The U.S. Department of Education's Office for Civil Rights (OCR) notified StandWithUs (SWU) on Friday that it has accepted its complaint alleging that UCLA violated Title VI of the Civil Rights Act of 1964 and has opened the matter for full investigation on the merits.
SWU alleged that the UCLA administration repeatedly failed to prevent a hostile campus environment for its Jewish campus community in direct violation of the school's Title VI obligations.
The SWU Saidoff Legal Department and the SWU Center for Combating Antisemitism, together with UCLA senior Shayna Lavi, filed a complaint with OCR alleging that UCLA violated Title VI based on a May 2019 lecture in Lavi's anthropology class. The guest speaker, San Francisco State University Professor Rabab Abdulhadi, described the State of Israel as a racist endeavor, denied its right to exist and labeled Zionists as white supremacists.
After Lavi challenged Abdulhadi during class, she was verbally harassed by her and, in subsequent class sessions, by another professor, Kyeyoung Park, who invited the guest lecturer. Lavi informed UCLA administration, which allegedly failed to respond adequately or effectively, according to SWU.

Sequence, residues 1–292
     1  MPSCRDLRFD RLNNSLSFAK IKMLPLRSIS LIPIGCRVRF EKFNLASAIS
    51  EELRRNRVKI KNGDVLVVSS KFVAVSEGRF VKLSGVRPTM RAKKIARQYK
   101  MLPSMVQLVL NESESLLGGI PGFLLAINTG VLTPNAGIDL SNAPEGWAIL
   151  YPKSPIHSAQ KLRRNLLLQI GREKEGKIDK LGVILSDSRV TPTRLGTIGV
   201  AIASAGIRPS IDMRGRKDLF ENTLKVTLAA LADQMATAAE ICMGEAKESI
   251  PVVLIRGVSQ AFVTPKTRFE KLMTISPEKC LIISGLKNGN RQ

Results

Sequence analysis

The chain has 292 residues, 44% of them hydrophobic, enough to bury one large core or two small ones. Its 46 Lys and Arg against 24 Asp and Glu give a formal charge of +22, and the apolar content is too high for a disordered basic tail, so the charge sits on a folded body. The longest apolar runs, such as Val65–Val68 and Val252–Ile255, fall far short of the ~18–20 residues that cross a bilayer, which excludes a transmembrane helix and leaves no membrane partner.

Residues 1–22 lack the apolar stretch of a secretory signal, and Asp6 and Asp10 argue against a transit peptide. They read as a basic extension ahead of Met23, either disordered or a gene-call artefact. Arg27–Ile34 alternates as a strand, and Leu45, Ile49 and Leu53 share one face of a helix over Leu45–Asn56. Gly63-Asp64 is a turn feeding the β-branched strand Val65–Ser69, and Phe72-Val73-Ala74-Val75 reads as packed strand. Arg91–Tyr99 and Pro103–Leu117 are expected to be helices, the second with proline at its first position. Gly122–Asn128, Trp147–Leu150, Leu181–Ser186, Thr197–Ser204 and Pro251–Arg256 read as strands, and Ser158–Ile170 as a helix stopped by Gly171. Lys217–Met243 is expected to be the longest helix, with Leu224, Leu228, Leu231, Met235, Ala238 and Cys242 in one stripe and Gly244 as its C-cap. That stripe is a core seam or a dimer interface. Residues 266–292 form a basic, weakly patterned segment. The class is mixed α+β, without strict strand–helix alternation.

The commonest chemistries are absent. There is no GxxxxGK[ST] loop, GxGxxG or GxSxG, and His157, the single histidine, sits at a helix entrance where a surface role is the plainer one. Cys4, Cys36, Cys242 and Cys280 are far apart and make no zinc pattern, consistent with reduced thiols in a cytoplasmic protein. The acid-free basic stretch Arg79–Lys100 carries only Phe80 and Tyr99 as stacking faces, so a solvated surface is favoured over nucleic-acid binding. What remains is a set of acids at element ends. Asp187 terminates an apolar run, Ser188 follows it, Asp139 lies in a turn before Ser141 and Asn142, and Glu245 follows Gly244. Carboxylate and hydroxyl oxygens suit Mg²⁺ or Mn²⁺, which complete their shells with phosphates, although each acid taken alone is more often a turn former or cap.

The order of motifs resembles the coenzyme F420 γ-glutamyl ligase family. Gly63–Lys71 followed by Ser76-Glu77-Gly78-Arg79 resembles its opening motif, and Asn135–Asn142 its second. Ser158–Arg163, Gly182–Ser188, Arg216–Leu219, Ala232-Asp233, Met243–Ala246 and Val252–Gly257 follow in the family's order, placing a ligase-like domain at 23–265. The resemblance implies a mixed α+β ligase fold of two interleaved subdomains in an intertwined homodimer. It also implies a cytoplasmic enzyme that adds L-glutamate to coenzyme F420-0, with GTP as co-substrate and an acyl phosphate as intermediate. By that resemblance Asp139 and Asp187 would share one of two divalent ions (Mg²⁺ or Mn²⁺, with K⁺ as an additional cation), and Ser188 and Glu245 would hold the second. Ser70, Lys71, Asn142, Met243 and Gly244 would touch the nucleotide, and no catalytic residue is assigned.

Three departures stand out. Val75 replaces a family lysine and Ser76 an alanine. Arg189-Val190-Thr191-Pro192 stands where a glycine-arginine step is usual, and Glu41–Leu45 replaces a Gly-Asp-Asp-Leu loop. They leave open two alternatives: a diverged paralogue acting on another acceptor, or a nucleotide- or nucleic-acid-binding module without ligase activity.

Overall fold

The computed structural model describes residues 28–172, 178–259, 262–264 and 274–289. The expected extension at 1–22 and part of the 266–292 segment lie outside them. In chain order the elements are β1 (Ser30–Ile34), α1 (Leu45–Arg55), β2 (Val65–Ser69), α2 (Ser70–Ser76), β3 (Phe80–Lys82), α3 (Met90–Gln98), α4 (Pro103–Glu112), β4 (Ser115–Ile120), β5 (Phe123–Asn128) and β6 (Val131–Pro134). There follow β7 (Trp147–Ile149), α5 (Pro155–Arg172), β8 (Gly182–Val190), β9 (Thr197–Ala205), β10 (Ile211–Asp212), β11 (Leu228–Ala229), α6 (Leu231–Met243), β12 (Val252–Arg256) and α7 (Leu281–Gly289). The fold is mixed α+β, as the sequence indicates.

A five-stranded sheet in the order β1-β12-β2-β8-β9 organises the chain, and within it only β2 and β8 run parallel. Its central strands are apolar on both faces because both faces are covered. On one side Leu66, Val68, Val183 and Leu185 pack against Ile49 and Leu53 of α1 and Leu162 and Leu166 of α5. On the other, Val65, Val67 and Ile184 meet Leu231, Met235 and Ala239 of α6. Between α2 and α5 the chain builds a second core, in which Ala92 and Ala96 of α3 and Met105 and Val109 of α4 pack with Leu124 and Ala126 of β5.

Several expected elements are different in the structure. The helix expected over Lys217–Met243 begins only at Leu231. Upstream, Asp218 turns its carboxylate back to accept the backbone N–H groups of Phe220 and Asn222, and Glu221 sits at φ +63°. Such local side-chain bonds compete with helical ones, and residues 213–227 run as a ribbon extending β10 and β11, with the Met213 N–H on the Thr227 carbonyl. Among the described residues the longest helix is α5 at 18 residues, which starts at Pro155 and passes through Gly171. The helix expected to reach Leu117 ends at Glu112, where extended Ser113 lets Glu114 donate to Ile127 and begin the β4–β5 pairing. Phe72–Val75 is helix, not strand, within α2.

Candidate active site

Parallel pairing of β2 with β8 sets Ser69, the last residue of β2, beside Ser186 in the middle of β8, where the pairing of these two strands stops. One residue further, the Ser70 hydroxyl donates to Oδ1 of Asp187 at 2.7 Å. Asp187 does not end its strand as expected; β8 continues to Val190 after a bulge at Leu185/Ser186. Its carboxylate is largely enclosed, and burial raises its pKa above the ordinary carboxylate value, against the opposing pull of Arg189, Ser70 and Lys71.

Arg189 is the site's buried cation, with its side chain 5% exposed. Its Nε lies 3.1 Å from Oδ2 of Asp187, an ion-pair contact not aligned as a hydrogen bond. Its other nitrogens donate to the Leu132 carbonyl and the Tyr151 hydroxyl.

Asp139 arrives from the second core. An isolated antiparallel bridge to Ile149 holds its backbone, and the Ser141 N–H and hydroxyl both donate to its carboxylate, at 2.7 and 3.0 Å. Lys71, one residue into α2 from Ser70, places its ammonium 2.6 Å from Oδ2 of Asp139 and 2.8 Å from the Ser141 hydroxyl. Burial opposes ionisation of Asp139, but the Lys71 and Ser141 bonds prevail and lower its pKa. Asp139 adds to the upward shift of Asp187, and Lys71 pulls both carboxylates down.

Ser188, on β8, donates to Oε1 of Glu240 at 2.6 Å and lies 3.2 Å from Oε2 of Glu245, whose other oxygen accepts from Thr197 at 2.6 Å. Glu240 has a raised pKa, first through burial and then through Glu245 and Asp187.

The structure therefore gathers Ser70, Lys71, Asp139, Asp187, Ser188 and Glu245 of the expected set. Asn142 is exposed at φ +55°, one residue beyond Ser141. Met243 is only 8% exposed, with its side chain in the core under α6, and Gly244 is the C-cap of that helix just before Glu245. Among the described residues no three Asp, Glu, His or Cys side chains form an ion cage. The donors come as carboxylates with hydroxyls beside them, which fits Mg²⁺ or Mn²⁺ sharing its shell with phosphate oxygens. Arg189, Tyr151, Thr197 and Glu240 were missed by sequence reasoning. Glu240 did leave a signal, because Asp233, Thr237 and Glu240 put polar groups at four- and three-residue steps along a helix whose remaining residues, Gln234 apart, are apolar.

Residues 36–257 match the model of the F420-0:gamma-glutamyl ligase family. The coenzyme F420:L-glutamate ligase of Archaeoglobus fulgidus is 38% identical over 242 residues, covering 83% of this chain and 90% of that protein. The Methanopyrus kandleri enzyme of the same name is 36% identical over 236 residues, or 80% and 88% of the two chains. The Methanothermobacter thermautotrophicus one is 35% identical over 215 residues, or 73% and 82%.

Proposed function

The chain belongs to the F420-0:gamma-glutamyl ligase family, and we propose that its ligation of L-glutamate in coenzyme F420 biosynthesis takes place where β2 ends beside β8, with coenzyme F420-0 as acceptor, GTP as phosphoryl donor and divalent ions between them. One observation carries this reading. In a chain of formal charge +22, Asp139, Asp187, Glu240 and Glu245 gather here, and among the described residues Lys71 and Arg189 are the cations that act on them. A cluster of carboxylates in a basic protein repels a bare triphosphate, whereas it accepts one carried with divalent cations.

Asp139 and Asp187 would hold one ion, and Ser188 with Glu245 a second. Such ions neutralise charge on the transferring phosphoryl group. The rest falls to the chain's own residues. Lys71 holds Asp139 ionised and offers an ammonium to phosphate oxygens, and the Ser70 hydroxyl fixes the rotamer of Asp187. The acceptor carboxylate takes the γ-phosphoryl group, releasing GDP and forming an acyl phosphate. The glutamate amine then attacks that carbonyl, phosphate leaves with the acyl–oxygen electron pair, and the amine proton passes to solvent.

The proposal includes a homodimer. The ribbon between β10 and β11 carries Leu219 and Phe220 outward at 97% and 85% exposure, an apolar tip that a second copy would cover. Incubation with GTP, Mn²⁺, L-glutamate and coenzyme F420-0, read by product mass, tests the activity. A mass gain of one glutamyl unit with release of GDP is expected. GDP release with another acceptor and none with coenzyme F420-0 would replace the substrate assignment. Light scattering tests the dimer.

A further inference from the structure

"Students should never be subjected to discrimination, harassment or retaliation by their professors after standing up for themselves, their identity and their community," said SWU co-founder and CEO Roz Rothstein. "For Shayna, as for many Jews, Zionism is an integral part of her Jewish identity, and university administrators should be in the business of protecting students against conduct that marginalizes and demonizes them, not giving such hate a free pass."
The statements made during the guest lecture may qualify under the International Holocaust Remembrance Alliance (IHRA) Working Definition of Antisemitism. As part of the Dec. 11, 2019, Executive Order on Combating Anti-Semitism, OCR must consider the IHRA definition and accompanying examples of anti-Semitism when determining whether a Title VI violation has occurred.
"We are encouraged by this latest development, as it brings Jewish students and faculty at UCLA one step closer to regaining the confidence that they will be able to participate in all aspects of campus life without fear of being targeted for negative treatment because of how they express their Jewish identities," said Carly Gammill, director of SWU's Center for Combating Antisemitism.